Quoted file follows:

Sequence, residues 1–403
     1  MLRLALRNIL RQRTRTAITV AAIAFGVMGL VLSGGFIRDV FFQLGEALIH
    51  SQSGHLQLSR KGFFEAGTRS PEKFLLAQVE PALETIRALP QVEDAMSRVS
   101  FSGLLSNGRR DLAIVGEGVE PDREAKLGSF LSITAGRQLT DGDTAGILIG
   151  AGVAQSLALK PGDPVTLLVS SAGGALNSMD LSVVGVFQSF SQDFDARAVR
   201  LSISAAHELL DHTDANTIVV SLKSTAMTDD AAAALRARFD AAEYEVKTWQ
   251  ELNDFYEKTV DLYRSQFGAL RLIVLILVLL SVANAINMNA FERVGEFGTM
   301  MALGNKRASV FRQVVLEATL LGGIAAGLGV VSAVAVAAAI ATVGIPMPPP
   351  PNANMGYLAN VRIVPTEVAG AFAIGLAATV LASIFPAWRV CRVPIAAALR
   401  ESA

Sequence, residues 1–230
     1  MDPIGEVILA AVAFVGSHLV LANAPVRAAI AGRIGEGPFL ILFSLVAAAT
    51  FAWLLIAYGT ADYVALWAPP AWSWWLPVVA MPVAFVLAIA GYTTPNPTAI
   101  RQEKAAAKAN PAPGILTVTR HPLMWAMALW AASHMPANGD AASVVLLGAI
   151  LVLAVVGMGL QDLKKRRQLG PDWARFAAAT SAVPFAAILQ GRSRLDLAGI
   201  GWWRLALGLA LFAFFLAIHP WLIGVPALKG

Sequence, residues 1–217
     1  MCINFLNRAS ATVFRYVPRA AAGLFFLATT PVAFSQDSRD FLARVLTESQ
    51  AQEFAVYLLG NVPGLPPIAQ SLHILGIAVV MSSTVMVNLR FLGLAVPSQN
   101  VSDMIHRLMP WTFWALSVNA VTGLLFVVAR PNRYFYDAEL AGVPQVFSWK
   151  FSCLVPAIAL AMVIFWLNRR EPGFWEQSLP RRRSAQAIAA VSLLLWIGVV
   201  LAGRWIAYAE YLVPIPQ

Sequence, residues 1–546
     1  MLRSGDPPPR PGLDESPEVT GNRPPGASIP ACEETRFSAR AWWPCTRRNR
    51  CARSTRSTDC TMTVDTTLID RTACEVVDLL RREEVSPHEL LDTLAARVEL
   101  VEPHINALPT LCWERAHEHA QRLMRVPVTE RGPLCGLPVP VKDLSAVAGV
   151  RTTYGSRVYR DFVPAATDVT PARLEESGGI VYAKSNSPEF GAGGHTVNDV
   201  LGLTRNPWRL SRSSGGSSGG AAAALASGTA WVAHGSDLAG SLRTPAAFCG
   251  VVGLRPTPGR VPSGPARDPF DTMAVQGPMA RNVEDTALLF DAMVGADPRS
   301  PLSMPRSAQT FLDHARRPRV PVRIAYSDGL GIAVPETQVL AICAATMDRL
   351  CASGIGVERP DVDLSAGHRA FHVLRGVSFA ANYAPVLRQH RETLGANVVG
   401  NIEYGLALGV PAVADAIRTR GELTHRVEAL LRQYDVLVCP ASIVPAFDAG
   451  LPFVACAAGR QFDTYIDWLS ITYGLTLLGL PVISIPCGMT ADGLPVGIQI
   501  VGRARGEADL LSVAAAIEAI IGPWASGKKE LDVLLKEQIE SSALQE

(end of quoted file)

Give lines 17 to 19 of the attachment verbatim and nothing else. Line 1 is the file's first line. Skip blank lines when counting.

Sequence, residues 1–217
     1  MCINFLNRAS ATVFRYVPRA AAGLFFLATT PVAFSQDSRD FLARVLTESQ
    51  AQEFAVYLLG NVPGLPPIAQ SLHILGIAVV MSSTVMVNLR FLGLAVPSQN